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Third-party software: Do you need it?

The number of software companies and products that work with Windows has grown by leaps and bounds now that Active Directory is seasoned and stable. The question is: Do you need these third-party products? Derek Melber runs through what Microsoft provides and what's missing from the company's platforms.

Have you been inundated with software vendors trying to sell you products for your Windows environment? Have you had your IT staff try to convince you that a certain third-party software package could save them hours and provide many more features?

If you have, you are not alone. The number of software companies and products that work with Windows has grown by leaps and bounds now that Active Directory is seasoned and stable. The question is: Do you need these products?

What Microsoft does provide

If you are like most executives running a normal company, you want to get what you pay for, and -- if possible -- get something for free. When it comes to Microsoft Windows Server 2003, Windows XP Professional and Windows 2000, you do get a lot for your money. When you get Windows Active Directory up and running, the following features are included:

  • Centralized network operating system

  • Desktop and server image management using Remote Installation Service and Automated Deployment Services

  • Centralized desktop management using Group Policy
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  • Centralized security management of desktops and servers using Group Policy

  • Network services such as DNS, DHCP, WINS, Terminal Services, Remote Access, etc.

  • Backup program for desktops, servers, Active Directory, DNS, PKI, etc.

  • IP Security to protect network communications

  • Certificate Services to manage your certificates

There is much more, but these are some of the most important features and solutions.

What is missing?

As you dive into these features and technologies that are provided with the Microsoft installation of Active Directory and their operating systems, you will find that they can be limiting. The solutions work and work well, but there are typically more specific configurations or features that each solution should incorporate. For this reason, you really need to investigate third-party software packages to see if they can provide you with more configurations and features than the solutions Microsoft provides.

What you will find is that your IT staff is typically correct when they say they can save numerous man hours by purchasing certain software packages to work with Windows and Active Directory. Some of the solutions might make administration easier, like those that work with Active Directory users, groups and computers.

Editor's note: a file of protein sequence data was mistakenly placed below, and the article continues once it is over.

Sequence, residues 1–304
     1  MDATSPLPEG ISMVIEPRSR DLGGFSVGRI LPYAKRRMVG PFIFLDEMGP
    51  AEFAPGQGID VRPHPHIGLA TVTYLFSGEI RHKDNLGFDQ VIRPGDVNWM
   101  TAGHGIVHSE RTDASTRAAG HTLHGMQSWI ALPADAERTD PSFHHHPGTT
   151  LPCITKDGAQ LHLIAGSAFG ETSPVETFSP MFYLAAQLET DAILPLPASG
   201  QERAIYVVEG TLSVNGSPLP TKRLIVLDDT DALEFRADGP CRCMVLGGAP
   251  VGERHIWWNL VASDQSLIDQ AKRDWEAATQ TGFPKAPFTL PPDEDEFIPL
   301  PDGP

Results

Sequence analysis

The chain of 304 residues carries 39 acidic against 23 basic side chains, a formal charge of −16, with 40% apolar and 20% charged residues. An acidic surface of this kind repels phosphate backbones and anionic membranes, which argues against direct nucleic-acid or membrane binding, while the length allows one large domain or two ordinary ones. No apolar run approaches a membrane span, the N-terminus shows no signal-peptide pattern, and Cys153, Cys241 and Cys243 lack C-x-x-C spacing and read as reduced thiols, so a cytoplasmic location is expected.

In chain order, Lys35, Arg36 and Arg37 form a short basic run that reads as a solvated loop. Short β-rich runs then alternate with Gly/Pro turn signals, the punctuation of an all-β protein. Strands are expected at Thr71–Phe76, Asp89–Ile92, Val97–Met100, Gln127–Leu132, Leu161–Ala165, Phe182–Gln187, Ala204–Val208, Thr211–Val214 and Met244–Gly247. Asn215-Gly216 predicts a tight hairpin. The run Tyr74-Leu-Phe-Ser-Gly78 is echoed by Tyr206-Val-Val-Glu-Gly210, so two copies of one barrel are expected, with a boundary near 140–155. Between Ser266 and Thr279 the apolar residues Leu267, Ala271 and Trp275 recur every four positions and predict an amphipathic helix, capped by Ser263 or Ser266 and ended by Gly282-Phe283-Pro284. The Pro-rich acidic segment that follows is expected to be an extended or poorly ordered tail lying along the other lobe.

Some packages might make administration and installation more efficient, like those that can distribute desktop images quickly. Some third-party solutions might add new features and functions that Microsoft doesn't provide, like those that can strip users from the Administrators group while still allowing them to run applications requiring Administrator privileges.

Finally, some third-party packages extend what Microsoft has developed within Active Directory and Group Policy. These solutions typically make the IT administrator's life easier while providing additional settings and control over the enterprise.


Third-party vendor software is essential to Microsoft and any company that runs Microsoft solutions. Windows Active Directory is an amazing solution that provides some innovative technologies. These technologies are fantastic in their own right.

However, adding a third-party solution to what Microsoft provides can make administration easier, features more rich, options more plentiful, and the entire network more secure. You should not purchase every third-party software package you see, but certainly evaluate numerous packages under each category to see if they can make your company more profitable.

This article originally appeared on

Derek Melber, MCSE, MVP, and CISM, is the director of compliance solutions for DesktopStandard Corp. He has written the only books on auditing Windows security available at The Institute of Internal Auditors' bookstore. He also wrote the Group Policy Guide for Microsoft Press -- the only book Microsoft has written on Group Policy. You can contact Melber at

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